Friday, March 16, 2012

Hide the Clenbuterol

Livestock bureau officials in Jiaozhou, a prefecture of Shandong Province, announced that they will conduct a big crackdown on "lean meat powders" for the March 15, "Protection of Consumer Interests Day." The campaign was publicized in the news, presumably as an assurance to consumers. No doubt it also sent a signal to farmers and dealers to keep their clenbuterol out of sight until the campaign is over.

Jiaozhou inspectors carry out a special inspection (source: Zhu-e net forum).

"Lean meat powder" is a general term for a class of beta agonists that channel energy into making muscle instead of fat. They are banned for use as feed additives in China. Clenbuterol is the most common "lean meat powder" but there are about a dozen others as well. "Lean meat powders" created a scandal in March 2011 when a Chinese Central TV broadcast revealed that use was rampant in northern Henan Province.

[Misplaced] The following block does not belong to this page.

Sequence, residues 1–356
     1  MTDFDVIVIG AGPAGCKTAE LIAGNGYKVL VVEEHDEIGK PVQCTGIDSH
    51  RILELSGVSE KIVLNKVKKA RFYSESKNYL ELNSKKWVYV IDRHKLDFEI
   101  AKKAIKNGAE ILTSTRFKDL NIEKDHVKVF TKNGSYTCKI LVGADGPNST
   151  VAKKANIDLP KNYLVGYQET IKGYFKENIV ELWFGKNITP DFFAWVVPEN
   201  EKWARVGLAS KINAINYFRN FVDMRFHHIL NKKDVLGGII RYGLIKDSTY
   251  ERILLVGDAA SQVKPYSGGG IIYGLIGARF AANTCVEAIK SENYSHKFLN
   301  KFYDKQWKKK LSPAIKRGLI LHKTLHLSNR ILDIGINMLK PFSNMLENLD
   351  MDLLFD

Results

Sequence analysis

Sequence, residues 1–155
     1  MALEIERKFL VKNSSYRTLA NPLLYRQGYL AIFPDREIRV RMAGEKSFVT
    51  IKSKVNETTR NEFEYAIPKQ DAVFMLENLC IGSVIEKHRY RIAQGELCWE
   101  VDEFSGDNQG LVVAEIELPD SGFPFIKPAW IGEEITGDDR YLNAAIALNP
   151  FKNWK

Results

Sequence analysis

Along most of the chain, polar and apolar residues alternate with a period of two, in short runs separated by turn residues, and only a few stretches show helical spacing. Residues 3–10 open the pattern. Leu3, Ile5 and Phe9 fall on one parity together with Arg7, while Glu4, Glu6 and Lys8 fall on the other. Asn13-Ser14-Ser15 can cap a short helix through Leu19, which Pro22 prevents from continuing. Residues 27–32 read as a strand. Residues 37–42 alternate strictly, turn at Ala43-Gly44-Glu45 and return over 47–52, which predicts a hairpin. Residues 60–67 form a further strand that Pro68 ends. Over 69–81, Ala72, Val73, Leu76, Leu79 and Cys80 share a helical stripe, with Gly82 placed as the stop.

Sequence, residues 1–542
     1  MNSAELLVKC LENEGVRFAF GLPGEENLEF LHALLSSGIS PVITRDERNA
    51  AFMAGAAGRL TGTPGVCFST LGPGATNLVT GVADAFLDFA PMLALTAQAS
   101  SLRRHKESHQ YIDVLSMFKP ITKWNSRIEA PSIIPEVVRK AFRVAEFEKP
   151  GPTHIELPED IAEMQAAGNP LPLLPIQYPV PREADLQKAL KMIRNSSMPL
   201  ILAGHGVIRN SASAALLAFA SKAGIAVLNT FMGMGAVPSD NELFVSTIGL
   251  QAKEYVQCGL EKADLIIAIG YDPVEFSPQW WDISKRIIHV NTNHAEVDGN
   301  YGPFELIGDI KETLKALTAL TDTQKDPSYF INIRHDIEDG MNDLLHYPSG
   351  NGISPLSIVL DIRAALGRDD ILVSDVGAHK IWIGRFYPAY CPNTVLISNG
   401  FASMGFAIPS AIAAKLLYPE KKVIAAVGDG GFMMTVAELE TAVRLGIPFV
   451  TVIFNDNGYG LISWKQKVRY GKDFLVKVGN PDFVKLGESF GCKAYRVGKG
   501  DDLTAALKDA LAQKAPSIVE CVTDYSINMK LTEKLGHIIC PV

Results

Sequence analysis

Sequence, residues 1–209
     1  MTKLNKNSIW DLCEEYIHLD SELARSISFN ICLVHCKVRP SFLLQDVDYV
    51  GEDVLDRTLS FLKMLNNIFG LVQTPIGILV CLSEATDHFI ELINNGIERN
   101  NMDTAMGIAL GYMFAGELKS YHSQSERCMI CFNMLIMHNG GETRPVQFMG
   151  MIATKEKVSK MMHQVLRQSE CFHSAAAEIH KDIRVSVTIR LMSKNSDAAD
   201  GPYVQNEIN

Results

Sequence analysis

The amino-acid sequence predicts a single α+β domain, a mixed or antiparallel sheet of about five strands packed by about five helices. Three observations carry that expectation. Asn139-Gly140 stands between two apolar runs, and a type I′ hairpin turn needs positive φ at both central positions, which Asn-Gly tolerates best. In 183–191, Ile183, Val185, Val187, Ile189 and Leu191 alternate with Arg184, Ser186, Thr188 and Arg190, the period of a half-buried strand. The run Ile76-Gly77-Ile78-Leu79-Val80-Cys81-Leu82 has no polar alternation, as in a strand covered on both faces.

A Jiaozhou official explained to a reporter that each person in the department has responsibility for certain companies and markets, leaving no "blind spots." The prefecture has 30 feed mills and 6 veterinary drug manufacturers, and someone is responsible for each one. Each member of the inspection department is responsible for 4-to-6 of the prefecture's 170 large-scale farms, 80 veterinary and feed sellers and 9 fresh milk collection stations. Jiaozhou also has 521 medium and small markets and 764 livestock villages with 6632 small farms. These are overseen by 505 village-level disease prevention personnel.

During the March 15 inspection (which apparently lasts multiple days), each inspector is too carry out daily strict inspections of each large-scale farm, feed and veterinary drug company in his district. Village disease prevention personnel are to conduct twice-a-week inspections of commercial farms and livestock villages. There are to be weekly inspections and record checks of veterinary stations and prefecture personnel will carry out random inspections of the stations and village prevention officers. They will also check inspection records and unify the record-keeping system.

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